Linda Resar, MD, will never forget Amanda, the first leukemia patient she cared for during her oncology fellowship. The inspirational 8-year-old, who had Down syndrome, was fighting acute lymphocytic leukemia. “She was exceptionally courageous, thoughtful and resilient,” Resar said. “While she was cured and is now in her 30s, the chemotherapy was toxic, and she became ill throughout the treatment, which drives me to do better for patients like Amanda.”
Resar, a pediatric hematology/oncology specialist at the Johns Hopkins University School of Medicine, has spent the past 20-plus years trying to do just that. Now, with support from Children’s Cancer Research Fund (CCRF), she’s working to find a cure for MLL-rearranged leukemia, a particularly aggressive form of leukemia that is also known as MLL-r leukemia.
“This form of leukemia is frequently resistant to therapy and therefore associated with poor outcomes, particularly in infants. MLL-r leukemia also occurs in children and even in adults,” she noted.
Finding the "switch"
Resar’s laboratory discovered that a key regulatory protein, known as the High Mobility Group A1 protein, or simply HMGA1, is critical to the abnormal, uncontrolled growth of MLL-r leukemia cells. “Our preliminary data in leukemia cells suggest that HMGA1 functions like a light switch, flipping on genes that are required for leukemia cells to grow and to evade therapy, while turning off genes that alert the immune system to attack and eliminate the abnormal tumor cells,” she explained.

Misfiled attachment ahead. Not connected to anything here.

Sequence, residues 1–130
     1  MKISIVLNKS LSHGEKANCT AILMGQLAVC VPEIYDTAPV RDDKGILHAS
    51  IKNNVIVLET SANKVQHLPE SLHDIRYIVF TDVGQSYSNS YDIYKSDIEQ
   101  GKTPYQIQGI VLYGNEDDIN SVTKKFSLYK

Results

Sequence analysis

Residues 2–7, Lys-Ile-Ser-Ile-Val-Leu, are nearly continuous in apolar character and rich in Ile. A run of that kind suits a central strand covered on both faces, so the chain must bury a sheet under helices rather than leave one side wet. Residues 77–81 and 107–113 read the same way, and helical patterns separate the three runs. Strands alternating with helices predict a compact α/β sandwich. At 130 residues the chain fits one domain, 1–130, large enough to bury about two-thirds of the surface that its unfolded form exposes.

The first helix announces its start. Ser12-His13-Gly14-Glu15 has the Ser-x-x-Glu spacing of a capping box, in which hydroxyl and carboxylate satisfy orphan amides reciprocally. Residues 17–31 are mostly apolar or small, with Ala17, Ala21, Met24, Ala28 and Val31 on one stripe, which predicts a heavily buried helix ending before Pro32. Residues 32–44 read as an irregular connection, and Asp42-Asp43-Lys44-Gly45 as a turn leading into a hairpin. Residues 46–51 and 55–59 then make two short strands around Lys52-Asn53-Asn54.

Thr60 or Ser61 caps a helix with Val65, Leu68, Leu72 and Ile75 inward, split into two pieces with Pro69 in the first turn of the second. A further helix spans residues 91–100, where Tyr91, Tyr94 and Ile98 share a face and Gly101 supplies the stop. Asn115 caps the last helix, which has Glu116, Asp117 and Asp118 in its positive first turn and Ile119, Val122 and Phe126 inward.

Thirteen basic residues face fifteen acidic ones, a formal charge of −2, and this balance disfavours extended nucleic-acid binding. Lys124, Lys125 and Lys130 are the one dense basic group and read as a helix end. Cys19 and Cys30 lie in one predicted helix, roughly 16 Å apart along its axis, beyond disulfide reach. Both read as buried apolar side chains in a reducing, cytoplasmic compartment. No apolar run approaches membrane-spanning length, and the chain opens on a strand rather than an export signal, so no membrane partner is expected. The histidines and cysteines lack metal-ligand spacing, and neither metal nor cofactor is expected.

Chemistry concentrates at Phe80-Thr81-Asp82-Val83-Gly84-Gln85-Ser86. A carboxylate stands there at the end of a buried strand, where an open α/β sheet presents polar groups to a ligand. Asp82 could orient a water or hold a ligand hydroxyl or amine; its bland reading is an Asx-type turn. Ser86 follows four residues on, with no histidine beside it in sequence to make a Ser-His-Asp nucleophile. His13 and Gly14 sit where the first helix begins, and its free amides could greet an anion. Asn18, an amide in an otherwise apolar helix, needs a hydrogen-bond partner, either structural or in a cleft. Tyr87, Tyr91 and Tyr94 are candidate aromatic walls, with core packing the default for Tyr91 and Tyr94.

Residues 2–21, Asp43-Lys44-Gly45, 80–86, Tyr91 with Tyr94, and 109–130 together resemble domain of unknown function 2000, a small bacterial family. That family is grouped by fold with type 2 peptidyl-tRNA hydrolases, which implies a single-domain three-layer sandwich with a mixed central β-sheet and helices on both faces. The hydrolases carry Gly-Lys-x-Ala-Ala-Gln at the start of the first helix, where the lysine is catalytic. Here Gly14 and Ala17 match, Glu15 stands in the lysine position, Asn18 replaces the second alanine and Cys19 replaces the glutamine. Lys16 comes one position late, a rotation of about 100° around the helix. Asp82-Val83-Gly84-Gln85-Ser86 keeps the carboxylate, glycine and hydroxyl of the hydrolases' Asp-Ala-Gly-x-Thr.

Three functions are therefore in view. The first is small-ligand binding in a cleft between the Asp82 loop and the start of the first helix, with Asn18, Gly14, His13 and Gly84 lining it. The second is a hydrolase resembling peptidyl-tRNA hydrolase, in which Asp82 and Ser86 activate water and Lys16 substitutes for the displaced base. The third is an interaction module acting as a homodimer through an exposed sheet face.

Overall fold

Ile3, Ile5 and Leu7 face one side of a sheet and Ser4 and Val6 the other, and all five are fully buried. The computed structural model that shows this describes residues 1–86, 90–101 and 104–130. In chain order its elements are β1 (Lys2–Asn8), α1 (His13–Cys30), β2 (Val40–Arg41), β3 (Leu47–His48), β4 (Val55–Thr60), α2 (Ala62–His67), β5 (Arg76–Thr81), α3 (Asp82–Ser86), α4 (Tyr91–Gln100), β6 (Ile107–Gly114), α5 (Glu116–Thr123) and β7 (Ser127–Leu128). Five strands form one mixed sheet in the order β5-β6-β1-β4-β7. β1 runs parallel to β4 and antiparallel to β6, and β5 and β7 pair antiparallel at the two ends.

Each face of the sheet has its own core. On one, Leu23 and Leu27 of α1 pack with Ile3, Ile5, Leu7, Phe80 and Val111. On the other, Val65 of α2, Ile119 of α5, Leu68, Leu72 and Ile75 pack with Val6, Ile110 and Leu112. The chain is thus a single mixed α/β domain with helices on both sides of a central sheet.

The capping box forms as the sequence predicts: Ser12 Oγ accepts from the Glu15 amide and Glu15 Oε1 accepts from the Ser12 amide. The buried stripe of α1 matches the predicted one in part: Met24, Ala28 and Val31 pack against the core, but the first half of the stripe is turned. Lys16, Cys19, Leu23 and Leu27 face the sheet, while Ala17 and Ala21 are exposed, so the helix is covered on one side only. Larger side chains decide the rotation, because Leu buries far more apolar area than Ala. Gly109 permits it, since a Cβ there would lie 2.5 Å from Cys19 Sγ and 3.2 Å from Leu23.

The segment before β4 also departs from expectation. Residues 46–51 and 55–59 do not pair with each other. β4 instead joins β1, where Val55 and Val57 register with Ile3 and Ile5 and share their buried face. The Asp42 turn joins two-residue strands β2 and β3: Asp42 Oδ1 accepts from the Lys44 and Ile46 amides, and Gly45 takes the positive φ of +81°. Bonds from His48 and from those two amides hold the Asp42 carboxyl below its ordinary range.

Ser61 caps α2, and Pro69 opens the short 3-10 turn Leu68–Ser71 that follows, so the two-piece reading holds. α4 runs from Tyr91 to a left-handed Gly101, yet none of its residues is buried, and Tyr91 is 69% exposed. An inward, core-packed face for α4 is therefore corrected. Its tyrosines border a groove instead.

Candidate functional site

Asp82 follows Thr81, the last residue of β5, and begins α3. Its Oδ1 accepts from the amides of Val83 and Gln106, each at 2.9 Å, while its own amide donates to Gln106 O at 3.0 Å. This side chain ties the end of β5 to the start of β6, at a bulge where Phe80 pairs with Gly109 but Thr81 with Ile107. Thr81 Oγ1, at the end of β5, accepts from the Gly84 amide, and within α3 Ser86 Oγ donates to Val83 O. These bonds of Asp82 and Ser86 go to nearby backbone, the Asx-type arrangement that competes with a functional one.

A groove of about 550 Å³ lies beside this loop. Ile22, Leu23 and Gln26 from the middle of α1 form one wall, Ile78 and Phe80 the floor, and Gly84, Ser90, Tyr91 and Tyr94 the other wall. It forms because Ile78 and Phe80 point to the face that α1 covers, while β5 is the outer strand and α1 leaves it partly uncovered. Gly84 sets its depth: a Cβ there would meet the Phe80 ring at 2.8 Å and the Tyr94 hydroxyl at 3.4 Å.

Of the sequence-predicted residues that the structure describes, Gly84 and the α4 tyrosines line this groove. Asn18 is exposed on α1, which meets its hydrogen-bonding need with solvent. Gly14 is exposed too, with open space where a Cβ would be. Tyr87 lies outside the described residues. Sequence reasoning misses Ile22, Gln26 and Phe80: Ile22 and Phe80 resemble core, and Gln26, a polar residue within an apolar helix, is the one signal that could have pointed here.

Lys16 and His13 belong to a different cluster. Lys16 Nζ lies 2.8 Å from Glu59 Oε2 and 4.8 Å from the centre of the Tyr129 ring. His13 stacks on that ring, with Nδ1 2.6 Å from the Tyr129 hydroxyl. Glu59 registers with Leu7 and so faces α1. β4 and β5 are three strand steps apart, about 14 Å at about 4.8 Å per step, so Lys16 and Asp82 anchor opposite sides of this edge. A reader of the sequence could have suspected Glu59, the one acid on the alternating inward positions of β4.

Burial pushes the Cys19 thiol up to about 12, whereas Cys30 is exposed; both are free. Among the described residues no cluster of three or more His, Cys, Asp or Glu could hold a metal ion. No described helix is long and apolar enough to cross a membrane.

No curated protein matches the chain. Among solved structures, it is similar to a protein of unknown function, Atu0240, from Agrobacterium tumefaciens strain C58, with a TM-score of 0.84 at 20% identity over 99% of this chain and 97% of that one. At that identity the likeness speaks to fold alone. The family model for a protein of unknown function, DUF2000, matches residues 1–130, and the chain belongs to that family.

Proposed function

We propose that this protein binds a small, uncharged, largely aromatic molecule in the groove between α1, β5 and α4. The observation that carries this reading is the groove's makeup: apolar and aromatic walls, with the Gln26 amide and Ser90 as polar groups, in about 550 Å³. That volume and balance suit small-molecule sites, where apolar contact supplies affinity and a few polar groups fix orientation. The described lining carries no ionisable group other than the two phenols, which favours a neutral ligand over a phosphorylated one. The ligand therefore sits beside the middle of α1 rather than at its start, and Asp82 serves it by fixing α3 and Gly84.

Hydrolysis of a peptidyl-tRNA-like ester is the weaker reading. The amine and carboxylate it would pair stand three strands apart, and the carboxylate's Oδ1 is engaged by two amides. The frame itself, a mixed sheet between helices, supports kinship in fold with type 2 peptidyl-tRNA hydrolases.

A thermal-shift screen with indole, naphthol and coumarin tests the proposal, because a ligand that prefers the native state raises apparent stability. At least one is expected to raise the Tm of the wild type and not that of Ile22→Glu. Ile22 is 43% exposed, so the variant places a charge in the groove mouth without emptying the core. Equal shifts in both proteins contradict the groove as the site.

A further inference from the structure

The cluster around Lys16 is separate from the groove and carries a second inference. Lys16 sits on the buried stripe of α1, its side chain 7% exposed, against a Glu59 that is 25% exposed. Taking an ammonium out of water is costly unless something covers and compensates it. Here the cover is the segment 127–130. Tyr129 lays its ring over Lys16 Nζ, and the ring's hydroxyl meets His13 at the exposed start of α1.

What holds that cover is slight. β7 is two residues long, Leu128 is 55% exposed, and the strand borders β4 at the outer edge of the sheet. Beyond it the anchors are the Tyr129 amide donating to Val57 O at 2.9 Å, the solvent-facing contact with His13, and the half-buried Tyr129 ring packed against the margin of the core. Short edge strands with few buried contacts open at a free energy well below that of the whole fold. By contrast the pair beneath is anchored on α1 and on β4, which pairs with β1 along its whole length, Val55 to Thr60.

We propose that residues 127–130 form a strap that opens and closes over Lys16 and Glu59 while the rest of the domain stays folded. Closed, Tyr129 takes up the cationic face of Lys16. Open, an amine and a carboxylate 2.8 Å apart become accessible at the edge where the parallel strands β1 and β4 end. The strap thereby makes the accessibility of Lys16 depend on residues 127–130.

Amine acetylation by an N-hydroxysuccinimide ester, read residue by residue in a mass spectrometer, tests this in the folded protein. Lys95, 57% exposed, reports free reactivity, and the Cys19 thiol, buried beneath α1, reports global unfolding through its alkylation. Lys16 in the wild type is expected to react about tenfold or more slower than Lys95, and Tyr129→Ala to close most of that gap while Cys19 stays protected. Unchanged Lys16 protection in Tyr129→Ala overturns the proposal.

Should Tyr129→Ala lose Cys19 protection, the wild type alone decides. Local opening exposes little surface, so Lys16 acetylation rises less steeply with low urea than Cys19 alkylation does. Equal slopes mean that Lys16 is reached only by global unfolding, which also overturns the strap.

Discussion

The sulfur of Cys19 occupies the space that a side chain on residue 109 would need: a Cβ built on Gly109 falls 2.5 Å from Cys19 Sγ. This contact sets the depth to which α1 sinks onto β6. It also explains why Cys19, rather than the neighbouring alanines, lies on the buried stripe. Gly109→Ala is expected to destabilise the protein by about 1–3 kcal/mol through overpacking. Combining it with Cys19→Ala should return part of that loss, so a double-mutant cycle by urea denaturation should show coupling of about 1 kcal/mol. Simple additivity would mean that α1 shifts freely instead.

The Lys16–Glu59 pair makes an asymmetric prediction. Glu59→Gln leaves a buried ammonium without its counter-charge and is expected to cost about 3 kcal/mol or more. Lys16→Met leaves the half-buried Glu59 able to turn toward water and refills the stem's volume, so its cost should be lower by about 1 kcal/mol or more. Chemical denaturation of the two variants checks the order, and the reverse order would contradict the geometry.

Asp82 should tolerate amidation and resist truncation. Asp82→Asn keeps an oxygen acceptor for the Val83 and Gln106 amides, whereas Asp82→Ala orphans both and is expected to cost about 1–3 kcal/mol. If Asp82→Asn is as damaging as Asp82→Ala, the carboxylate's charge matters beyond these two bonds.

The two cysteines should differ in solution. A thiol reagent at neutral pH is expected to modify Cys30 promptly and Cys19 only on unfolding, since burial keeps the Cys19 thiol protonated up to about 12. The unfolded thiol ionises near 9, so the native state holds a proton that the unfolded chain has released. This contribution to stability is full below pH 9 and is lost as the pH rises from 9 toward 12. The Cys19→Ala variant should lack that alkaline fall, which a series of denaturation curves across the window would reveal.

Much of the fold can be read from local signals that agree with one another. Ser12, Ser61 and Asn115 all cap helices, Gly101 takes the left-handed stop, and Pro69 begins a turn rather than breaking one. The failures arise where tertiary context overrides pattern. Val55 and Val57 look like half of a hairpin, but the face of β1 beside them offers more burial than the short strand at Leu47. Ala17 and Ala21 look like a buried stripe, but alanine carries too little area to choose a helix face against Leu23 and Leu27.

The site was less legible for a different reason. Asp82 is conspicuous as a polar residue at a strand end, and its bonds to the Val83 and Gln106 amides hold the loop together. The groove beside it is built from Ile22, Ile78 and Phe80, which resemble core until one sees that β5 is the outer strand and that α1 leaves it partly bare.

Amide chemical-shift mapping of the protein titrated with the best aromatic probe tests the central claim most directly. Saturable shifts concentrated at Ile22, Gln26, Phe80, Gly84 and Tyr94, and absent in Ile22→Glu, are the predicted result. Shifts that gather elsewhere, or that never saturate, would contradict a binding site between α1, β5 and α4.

Resar initially planned to focus her research career on benign blood disorders. However, while she was training in the lab of Daniel Nathans, MD, a microbiologist at Johns Hopkins who won the Nobel Prize for his pioneering DNA research, she cloned the regulatory regions for the HMGA1 gene. Subsequent studies in her own laboratory revealed that HMGA1 functions as a potent, cancer-causing gene (or oncogene), and early studies from her group suggested that HMGA1 is activated in aggressive forms of leukemia and most diverse solid tumors. These findings sparked her interest in cancer biology and led her research team to focus on HMGA1 in childhood tumors.
“When I first started working on this gene, its function was completely unknown,” she said. “It became very clear that expression of this gene is activated in most aggressive human tumors, which suggests that it plays a fundamental role in human cancer.” In fact, the highest levels of HMGA1 are found in the most aggressive cancers, including MLL-r leukemia.
Discovering new treatment strategies
Over the years, Resar has continued to expand the field’s understanding of this pivotal gene and protein, and she is excited to build on recent discoveries. “We found that mice with a genetic deletion of one copy of this gene are healthy and make blood normally, which suggests that HMGA1 function could be blocked in therapy and tolerated without significant toxicity,” she explained. “In addition, using CRISPR technology, which allows us to edit the genome, we found that decreasing HMGA1 in childhood leukemic cells dramatically slows their growth and prevents them from forming leukemia in mouse models. Our CCRF grant is now enabling my team of dedicated scientists to investigate this process in further detail and to hopefully discover ways to block its function in therapy for our patients.”